|Download those golden oldies - such as Martha and the Vandellas' "Heat Wave" or The Searchers' "Bumble Bee" - and you'll find musical answers to the question: What's behind warm-weather itches?
Summer's the time for dancing in the street and other outdoor activities. But fear of rashes and inflammations might keep you inside. Here's how to make certain you don't sing the summertime blues.
Beat the Heat
Heat rash occurs when high temperatures, humidity, and tight-fitting clothes conspire to trap perspiration under the skin. You might see small reddish bumps on your neck, chest, or back or in areas where skin touches skin - and you'll certainly notice the itching. When the blistery bumps burst and release blocked sweat, there's a needles-and-pins sensation, which is why heat rash also is called "prickly heat."
Heat rash usually goes away without treatment within a few days, but you can speed healing and relieve itching by taking a cool, minty bath. Wrap a cup or two of fresh peppermint leaves in cheesecloth, then immerse the bag in a warm bath and enjoy a long soak. No peppermint? Add several tablespoons of baking soda or finely ground oatmeal to your bathwater instead.
|If your rash or inflammation hasn't responded to natural or over-the-counter remedies within a few days, call your doctor. Seek help immediately if it's accompanied by nausea, headache, or excessive thirst; rarely, heat rash can affect the body's internal thermostat and lead to more serious heat exhaustion.
The telltale buzz might help you avoid getting stung by a bee, but when it comes to bites from mosquitoes and other insects, you're on your own. If you've fallen prey to any of them, you may try an herbal remedy to relieve inflamed skin.
Some bug bites worsen in the heat, says Dennis McKenna, Ph.D, author of Botanical Medicines: The Desk Reference for Major Herbal Supplements. McKenna suggests wrapping ice packs in a towel and applying to the affected area 10 to 15 minutes to reduce swelling. He notes that tea tree oils have long been used for their antiseptic and antibacterial qualities; applying this essential oil to the affected area promotes faster healing.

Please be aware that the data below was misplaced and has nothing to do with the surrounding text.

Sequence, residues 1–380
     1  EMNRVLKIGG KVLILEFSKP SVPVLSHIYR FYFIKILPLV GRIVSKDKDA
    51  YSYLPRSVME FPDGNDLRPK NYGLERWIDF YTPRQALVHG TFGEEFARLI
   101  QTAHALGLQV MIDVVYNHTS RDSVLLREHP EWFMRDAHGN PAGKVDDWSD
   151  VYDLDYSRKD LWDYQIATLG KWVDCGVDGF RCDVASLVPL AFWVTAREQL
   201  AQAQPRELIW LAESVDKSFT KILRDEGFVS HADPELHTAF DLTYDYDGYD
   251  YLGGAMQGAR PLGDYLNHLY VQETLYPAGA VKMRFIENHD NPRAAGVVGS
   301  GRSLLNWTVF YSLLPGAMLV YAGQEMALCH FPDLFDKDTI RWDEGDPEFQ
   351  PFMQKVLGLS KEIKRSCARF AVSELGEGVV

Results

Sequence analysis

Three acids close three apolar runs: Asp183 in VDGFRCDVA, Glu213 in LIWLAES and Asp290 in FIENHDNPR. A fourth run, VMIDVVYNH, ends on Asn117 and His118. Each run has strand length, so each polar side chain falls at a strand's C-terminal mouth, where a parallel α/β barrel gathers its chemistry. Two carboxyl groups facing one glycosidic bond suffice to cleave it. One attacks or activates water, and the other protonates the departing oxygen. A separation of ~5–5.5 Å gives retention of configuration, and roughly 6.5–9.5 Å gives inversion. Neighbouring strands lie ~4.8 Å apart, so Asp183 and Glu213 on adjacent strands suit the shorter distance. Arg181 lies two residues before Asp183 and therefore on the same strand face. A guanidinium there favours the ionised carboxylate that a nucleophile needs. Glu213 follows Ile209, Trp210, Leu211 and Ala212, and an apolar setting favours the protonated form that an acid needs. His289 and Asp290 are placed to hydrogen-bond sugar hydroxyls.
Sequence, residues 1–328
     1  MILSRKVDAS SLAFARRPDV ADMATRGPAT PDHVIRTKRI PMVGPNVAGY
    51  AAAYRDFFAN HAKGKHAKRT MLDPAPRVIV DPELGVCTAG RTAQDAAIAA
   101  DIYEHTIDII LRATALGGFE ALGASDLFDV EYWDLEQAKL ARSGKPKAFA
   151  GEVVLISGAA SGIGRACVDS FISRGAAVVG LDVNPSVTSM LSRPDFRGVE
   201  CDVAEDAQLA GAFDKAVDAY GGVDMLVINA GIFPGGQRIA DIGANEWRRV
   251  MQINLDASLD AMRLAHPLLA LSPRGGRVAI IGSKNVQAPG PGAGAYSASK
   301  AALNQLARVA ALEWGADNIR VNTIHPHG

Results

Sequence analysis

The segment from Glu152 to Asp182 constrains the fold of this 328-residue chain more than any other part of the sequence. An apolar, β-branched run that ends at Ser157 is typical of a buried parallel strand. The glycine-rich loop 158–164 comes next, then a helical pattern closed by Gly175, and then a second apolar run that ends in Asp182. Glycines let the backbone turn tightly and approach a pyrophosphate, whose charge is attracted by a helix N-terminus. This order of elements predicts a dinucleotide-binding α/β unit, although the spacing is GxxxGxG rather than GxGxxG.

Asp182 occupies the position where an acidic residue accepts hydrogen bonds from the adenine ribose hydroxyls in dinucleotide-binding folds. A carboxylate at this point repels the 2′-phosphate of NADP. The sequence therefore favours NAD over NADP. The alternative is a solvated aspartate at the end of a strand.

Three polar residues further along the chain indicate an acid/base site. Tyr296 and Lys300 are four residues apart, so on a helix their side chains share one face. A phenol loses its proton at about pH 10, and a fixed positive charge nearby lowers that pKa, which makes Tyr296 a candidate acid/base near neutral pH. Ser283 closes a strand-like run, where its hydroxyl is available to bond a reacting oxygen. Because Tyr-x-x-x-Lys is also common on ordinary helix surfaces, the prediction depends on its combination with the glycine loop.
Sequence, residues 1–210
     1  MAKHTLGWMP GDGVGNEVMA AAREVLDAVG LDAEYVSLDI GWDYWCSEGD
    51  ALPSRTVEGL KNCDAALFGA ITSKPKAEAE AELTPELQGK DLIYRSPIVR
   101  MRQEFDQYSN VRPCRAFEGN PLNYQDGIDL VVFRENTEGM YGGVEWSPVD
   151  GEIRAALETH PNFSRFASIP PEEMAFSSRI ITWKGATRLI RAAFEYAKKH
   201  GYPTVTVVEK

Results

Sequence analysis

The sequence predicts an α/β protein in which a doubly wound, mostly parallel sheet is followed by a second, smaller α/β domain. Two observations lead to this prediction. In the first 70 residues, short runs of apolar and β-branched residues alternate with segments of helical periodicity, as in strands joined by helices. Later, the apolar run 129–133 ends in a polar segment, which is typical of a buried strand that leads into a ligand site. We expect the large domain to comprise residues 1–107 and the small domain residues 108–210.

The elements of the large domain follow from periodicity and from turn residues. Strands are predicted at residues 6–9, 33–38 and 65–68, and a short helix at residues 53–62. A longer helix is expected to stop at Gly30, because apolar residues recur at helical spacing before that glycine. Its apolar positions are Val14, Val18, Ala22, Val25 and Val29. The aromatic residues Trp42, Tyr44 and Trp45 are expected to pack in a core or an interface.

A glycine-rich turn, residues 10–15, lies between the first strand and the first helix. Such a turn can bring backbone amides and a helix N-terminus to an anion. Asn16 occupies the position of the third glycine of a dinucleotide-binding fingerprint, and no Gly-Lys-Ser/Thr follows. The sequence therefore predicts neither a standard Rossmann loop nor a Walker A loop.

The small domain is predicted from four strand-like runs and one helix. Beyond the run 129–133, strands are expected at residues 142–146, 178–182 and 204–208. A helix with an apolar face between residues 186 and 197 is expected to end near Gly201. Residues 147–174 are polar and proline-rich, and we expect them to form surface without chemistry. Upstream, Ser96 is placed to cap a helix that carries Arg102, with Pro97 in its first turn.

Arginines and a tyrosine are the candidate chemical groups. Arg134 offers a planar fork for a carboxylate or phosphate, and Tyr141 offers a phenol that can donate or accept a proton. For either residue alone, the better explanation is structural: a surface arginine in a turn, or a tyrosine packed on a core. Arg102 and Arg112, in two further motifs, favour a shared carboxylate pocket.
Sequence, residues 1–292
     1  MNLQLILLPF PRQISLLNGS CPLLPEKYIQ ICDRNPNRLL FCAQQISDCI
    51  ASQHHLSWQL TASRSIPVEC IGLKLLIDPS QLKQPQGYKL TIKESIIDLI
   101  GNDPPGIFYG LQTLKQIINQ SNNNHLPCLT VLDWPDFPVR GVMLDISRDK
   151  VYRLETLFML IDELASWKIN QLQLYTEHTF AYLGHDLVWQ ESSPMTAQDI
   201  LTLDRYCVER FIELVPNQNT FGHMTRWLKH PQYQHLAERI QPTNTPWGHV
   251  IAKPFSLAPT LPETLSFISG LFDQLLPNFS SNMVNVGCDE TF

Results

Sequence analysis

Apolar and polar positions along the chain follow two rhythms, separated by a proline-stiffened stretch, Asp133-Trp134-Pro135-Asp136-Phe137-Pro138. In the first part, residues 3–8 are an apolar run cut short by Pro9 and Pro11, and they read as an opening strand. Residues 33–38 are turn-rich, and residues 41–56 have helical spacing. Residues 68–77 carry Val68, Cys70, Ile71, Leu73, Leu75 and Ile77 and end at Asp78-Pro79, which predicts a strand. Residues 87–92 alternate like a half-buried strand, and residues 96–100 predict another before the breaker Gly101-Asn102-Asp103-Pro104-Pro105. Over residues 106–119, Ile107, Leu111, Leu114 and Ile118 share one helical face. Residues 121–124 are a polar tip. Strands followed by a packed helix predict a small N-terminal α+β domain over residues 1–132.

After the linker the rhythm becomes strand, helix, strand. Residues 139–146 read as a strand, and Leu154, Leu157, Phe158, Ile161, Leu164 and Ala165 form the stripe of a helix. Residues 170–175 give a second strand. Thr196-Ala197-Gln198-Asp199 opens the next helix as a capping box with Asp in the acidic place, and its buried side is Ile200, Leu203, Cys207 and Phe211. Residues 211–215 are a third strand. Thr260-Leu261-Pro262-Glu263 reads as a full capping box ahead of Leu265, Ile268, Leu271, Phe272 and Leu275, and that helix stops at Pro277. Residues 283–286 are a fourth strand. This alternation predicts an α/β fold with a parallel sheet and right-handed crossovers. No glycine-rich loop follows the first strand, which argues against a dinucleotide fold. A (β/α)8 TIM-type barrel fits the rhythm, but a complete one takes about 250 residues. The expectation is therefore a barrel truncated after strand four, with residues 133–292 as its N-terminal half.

Elise Bohaty, holistic practitioner and owner of breathing room, a preventive medicine and chronic pain clinic in Wayzata, Minnesota, suggests a dietary approach: garlic capsules. "Garlic acts as an antibacterial - it's a natural antibiotic and it strengthens the immune system," she says. Best of all, garlic seems to make bothersome bugs pester you a little less.
If an insect sting causes a constricted throat, confusion, hives, a rapid pulse, or difficulty breathing, you could be allergic and should get medical help immediately. In severe cases, a sting can be fatal.
Now that you know how to look out for your skin, enjoy this season in the sun. With luck, the only itching you'll have to deal with will be the kind The Supremes crooned about in "Love Is Like an Itching in My Heart" - and what's not to like about that?